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5 Newest Credit Card Tricks

By Mark Riddix

Now that Congress has passed the Credit CARD Act, credit card companies are expected to lose anywhere from $5 to $15 billion in potential fee income. Banks are responding by coming up with new ways to make up for income lost from credit card reform. They are creating new fees and raising interest rates to make money off of the financially strapped consumer. Here are 5 new tactics that credit card companies are using to increase revenue. Feel free to also check out, How Will The New Credit Card Laws Affect You?

Variable Interest Rates

Since the Credit CARD Act passed, many card companies are unable to raise interest rates on new cards issues in the first year. To bypass this law, credit card companies are switching from fixed rate cards to variable rate cards. Variable rate cards are linked to the prime rate and can rise at any time. The average fixed rate credit card has an interest rate of 13.4%, whereas the average variable rate has a rate of 13.7%. As the prime rate increases, many customers will face higher interest rates. Customers with low credit scores may be forced to pay interest as high as 35% over the next few years.

Annual Fees

According to Bankrate, 35% of new credit cards being offered have annual fees attached to them. Annual fees are ranging from $29 to $99 on new credit cards. Rewards cards are charging annual fees as high as $300 to $400. Current card holders are not escaping the wrath of card companies. 20% of current credit card customers are charged an annual fee, and this percentage is expected to increase dramatically over the next few years. Last month Citi Group hit long-time cardholders with a $60 annual fee. American Express and Bank of America have recently socked customers with annual fees as well.

Inactivity Fees

Are you one of those people that does not use your credit card that often? You are in for a shock soon, because card companies are hitting disciplined credit card users with inactivity fees. But don’t worry, you can escape these annual fees by just charging more! For example, at Citigroup, if you spend more than $2,400 per year, only then will you not be charged an inactivity fee. This is ridiculous! People will be forced to spend $2,400 plus any interest just to save $60.

Paper Fees

Prepare to be charged a fee for any transaction in which you receive a paper statement. Want an itemized statement? That will cost you. Companies are now charging fees for year-end statements, monthly paper statements, and all mailings. These fees are ranging from $1 to $5 per statement. Applying for a credit card isn’t free anymore either. Companies have started charging application fees regardless of whether you are approved for the card or not.

Foreign Transaction Fees

Fees for using a credit card in a foreign country are rising. Card companies are charging a 3% fee on all overseas purchases or anytime a purchase has to be converted from one currency to another. This fee is not restricted only to international travelers. If you make a purchase from a website that processes your transaction outside of the United States, then you may be subject to a fee from your credit card company.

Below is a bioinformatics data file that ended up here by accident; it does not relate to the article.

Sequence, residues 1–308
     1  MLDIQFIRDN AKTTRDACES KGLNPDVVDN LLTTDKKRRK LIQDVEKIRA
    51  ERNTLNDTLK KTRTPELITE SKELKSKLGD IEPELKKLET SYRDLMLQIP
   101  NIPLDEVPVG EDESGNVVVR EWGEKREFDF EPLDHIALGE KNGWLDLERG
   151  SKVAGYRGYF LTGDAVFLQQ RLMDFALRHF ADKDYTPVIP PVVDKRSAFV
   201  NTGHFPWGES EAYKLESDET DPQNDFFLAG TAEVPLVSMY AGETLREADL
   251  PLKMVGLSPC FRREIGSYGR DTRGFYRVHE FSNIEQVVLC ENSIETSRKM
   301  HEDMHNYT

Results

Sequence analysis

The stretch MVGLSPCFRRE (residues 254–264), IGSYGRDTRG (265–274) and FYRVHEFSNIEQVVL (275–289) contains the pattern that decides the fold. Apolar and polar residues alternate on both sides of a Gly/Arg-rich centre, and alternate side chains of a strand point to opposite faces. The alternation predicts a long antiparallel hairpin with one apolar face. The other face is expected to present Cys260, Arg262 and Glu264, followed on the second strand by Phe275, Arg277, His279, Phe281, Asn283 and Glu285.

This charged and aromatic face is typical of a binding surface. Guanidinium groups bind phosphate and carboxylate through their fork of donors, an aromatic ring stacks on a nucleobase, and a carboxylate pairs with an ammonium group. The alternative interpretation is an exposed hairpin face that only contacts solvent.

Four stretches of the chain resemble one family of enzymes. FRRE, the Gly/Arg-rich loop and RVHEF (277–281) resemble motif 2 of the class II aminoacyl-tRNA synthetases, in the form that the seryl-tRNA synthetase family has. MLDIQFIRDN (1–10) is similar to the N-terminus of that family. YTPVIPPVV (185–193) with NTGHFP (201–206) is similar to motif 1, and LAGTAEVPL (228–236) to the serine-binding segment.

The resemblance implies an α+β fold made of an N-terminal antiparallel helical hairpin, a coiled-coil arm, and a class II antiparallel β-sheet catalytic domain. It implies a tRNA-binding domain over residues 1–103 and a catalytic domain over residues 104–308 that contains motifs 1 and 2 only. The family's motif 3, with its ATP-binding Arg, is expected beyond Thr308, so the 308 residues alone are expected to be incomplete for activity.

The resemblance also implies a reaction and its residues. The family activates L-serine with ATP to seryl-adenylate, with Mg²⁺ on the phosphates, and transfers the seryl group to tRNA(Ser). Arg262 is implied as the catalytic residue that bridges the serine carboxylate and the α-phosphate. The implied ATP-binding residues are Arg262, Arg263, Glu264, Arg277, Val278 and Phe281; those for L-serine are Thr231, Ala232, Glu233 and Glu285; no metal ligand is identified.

How can you get around all of these credit roadblocks? Your best bet is to simply avoid using credit cards and just pay cash. For more information check out, More Americans Are Saying No To Credit Cards.

(photo credit: Andres Rueda)

Mark Riddix
Mark Riddix is the founder and president of an independent investment advisory firm that provides personalized investing and asset management consulting. Mark has written financial columns for Baltimore and Washington, D.C. area newspapers and is the author of the book, Your Financial Playbook.

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Comments

  • http://madsaver.com Mac

    Wow! I haven’t heard of some of these new credit card tactics. Sounds like credit card companies consider owning one of their cards a privilege that must be earned…apparently. The convenience of a credit card used to far out-weight the disadvantages, but if they start tacking on inactivity fees or attempt to charge me annual fees, I may have to reconsider my reliance on them.

  • skywind

    It bothers me that your post seems to assume that people HAVE to pay interest. if you pay your balance in full each month, you don’t. So even if my card has an annual fee that’s waived if I spend $2400 a year on the card, I don’t HAVE to pay interest to get the the fee waived.

    I have two credit cards, one for business and one for personal use. I pay no annual fees on either of them and charge about $2000 per month on each. I get cash back on one and points I can exchange for gift cards on the other one, and I pay them both off in full each month. If you have the discipline to do this, you can make out well. If you’re paying interest, however, you need to take a look at the reason why, have a plan for paying it off, and try not to get into that situation again.

    • Karmella

      I don’t think it assumes that – it says “plus any interest”. I think it’s a point worth mentioning, as anyone who doesn’t pay every card in full each month should consider it.

      I *do* pay off my balances in full each month, and I canceled my long-held Citibank card based on that annual fee nonsense – they didn’t try to keep me either.

    • Mark Riddix

      All credit cards do not have an annual fee or an inactivity fee. I do find it troublesome though that so many lenders are now adding annual fees and inactivity fees to credit cards.

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